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In January, Disney agreed to pay $100 million to settle claims that it conspired with its competitors to suppress animators’ wages. The agreement appeared to put an end to the long-running class action case, which arose from a Justice Department investigation into non-poaching practices in Silicon Valley.

But on Monday, two animators launched a fresh lawsuit against Disney in U.S. District Court, alleging that as animation producers they were improperly excluded from the settlement.

The plaintiffs are Charles Williams and Alice Goldstone. According to LinkedIn, Goldstone was a producer on “Hercules” and “Home on the Range” before leaving Disney in 2004. Williams was an executive producer on “Brother Bear” and several animated shorts, and left the company in 2010.

The lawsuit contends that Williams and Goldstone should have been included in the settlement class because their salaries and employment data were included in surveys that were allegedly prepared for the purpose of suppressing wages.

The class action suit alleged that Pixar, Lucasfilm, DreamWorks Animation, and Disney, among others, agreed on salary ranges for certain job descriptions, and agreed not to top each others’ salary offers, in order to prevent salaries from escalating.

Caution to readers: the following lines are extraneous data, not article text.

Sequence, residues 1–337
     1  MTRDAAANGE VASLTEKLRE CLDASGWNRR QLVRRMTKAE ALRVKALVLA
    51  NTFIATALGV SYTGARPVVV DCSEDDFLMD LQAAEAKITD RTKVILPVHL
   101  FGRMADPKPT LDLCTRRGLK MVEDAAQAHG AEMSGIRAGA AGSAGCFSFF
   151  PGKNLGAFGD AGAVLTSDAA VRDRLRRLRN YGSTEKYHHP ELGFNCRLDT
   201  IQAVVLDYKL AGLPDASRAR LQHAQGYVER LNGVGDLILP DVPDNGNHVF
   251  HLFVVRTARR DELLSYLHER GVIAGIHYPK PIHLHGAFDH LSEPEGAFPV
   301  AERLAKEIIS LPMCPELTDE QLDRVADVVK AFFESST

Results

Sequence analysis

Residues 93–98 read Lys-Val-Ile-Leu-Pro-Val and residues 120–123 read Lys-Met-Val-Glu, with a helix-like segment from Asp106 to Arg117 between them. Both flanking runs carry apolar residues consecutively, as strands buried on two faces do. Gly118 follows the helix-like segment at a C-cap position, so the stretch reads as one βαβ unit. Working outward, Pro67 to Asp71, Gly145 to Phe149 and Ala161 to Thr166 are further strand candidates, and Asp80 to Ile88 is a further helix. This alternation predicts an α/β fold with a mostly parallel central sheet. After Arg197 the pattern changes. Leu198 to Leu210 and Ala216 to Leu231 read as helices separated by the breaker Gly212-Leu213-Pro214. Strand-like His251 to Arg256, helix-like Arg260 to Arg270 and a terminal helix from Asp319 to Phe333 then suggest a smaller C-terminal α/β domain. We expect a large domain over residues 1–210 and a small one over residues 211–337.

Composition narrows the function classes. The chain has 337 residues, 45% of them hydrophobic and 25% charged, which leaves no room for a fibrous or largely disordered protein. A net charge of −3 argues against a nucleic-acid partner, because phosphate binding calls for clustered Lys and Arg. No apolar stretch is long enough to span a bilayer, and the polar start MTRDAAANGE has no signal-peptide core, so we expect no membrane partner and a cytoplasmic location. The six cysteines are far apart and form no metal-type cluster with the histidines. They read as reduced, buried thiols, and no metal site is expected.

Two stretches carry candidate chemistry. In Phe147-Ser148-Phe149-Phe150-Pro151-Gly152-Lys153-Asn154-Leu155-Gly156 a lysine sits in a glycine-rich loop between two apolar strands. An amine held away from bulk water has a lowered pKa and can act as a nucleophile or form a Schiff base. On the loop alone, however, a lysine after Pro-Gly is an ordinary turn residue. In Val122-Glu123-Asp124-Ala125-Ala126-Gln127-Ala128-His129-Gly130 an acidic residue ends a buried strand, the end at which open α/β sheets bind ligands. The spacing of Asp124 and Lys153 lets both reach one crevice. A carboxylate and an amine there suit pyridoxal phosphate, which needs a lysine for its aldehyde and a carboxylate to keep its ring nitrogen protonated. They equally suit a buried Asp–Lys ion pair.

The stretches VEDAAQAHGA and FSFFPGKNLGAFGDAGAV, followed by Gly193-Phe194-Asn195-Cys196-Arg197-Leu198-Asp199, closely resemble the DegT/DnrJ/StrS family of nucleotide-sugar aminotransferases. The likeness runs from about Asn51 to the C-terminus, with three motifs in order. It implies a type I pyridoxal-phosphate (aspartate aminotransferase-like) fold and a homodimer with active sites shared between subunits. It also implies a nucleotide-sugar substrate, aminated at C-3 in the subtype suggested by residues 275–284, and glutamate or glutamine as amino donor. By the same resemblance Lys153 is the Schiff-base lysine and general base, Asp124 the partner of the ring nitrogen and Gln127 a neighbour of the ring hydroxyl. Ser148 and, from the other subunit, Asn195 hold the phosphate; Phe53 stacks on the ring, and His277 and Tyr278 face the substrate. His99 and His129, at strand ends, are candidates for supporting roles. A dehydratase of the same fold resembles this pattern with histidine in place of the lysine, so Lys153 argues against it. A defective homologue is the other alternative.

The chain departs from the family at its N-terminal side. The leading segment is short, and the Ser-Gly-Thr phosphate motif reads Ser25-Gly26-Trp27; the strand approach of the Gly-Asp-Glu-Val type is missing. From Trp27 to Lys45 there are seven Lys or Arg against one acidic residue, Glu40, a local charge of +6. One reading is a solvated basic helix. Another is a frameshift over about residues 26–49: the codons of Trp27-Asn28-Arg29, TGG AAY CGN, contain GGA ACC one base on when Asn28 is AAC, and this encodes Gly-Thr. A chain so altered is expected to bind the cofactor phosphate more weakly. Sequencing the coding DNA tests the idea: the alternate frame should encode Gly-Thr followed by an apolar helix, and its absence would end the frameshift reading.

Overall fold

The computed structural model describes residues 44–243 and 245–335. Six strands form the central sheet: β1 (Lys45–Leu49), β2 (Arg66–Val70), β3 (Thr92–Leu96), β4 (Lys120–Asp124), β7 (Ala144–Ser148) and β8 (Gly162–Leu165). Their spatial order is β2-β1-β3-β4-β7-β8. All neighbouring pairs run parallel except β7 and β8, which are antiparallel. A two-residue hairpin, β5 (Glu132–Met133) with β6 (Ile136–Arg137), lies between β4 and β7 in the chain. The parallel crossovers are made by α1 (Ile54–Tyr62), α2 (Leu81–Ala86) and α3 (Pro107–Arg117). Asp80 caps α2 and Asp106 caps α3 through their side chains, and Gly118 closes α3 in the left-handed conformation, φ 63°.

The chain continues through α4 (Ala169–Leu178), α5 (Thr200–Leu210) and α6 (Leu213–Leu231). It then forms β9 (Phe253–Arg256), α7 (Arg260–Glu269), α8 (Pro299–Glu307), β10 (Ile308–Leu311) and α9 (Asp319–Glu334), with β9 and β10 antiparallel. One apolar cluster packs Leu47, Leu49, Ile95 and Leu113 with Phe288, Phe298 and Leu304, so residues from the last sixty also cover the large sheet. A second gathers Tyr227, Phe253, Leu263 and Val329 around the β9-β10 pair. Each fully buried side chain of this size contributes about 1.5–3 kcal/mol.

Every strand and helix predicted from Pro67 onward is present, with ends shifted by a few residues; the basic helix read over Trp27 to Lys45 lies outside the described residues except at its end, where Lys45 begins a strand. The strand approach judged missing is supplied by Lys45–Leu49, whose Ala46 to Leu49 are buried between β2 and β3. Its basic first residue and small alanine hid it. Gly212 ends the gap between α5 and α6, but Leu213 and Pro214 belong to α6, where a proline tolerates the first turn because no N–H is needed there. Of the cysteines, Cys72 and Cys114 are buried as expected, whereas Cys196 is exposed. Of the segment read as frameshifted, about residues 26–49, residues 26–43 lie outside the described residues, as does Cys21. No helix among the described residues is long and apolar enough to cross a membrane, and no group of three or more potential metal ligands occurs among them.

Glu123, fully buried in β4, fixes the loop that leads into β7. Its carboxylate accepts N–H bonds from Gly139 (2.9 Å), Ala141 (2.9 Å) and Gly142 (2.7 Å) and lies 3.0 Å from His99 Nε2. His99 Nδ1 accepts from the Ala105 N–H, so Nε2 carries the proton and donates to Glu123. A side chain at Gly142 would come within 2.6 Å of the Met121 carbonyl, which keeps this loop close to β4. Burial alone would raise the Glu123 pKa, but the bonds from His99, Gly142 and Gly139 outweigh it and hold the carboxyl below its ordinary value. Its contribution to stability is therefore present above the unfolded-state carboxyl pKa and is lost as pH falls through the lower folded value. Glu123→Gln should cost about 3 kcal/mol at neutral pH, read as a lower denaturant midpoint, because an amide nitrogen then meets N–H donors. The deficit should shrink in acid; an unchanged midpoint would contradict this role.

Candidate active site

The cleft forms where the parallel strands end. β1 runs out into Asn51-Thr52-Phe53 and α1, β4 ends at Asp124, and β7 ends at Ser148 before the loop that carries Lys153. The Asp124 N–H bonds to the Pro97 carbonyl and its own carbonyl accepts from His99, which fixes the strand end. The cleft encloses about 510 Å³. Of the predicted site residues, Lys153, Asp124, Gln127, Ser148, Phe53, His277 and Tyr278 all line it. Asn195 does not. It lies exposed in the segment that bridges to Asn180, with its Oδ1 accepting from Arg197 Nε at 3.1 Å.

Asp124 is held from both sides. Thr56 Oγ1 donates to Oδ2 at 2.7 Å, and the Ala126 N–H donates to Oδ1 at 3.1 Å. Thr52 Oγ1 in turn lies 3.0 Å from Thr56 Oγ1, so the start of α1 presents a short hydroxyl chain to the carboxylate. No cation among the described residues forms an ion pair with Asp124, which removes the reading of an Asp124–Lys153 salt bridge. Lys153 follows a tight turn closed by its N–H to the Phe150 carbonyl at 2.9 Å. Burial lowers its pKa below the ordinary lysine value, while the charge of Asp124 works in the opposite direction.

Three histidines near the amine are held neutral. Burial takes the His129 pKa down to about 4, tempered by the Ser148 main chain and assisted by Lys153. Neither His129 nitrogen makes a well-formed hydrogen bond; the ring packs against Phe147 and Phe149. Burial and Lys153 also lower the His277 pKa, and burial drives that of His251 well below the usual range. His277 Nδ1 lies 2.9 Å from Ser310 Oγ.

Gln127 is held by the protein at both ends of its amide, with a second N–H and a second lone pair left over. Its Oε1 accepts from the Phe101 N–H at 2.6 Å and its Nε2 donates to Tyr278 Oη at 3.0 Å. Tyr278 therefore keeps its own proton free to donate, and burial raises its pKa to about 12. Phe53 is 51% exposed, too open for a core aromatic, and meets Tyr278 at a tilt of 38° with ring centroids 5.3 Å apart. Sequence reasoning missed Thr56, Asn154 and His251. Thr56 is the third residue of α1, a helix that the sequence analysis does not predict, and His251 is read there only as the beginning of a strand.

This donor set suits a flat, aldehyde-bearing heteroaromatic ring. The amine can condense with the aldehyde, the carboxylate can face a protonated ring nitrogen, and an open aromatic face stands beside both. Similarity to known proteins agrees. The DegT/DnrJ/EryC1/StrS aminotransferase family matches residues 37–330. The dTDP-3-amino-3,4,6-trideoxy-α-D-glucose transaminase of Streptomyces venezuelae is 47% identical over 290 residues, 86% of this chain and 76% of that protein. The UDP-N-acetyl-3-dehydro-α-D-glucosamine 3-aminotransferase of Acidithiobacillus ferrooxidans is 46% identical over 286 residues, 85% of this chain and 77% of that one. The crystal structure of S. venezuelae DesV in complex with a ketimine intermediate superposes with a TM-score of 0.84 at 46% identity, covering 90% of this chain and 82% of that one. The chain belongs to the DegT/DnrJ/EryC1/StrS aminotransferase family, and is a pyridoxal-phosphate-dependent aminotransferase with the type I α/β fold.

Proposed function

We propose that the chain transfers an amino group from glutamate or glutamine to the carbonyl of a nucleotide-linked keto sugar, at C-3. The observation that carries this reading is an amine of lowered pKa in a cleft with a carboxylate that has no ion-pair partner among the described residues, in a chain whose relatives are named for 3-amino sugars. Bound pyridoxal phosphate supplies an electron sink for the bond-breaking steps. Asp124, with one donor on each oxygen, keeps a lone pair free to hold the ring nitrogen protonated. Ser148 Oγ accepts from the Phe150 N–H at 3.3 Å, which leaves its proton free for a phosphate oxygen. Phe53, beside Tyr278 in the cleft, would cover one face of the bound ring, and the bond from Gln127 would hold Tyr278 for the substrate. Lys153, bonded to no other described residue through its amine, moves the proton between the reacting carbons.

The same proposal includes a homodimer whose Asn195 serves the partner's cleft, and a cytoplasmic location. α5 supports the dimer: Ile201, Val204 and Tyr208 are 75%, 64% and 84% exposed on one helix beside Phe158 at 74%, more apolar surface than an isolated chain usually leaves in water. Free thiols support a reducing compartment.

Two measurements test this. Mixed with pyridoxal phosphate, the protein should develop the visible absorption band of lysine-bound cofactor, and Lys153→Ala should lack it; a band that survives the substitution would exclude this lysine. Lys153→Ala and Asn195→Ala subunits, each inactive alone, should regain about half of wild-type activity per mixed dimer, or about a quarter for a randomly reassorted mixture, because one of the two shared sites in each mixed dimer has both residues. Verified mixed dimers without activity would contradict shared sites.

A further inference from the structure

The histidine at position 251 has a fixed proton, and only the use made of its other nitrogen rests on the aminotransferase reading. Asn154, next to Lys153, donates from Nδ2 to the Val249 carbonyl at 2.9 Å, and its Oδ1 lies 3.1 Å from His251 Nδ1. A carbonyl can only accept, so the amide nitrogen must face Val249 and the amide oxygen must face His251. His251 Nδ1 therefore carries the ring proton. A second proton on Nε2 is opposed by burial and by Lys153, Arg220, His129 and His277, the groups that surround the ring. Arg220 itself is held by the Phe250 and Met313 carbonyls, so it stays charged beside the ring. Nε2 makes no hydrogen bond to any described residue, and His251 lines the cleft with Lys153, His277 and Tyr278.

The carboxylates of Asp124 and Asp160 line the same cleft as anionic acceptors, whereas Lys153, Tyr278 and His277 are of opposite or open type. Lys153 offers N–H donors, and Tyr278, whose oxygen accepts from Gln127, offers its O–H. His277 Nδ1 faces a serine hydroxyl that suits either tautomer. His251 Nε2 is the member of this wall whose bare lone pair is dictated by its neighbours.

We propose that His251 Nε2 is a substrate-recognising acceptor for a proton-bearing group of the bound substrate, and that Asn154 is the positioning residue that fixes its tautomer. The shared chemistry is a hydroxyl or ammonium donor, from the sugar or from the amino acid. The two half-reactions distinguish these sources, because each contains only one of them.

In addition to Disney’s $100 million, the class action plaintiffs also got settlements of $50 million from DreamWorks Animation, $13 million from Sony Imageworks, and $5.95 million from Blue Sky. The affected class included some 10,000 people.

Goldstone and Williams learned only last month that they were not among those who would receive a payment, the new lawsuit alleges. The lawsuit claims that their exclusion is “arbitrary,” given that producers were included in the payouts to DreamWorks and the other firms. It’s not clear how many Disney producers were excluded from the settlement.

Disney did not immediately respond to a request for comment.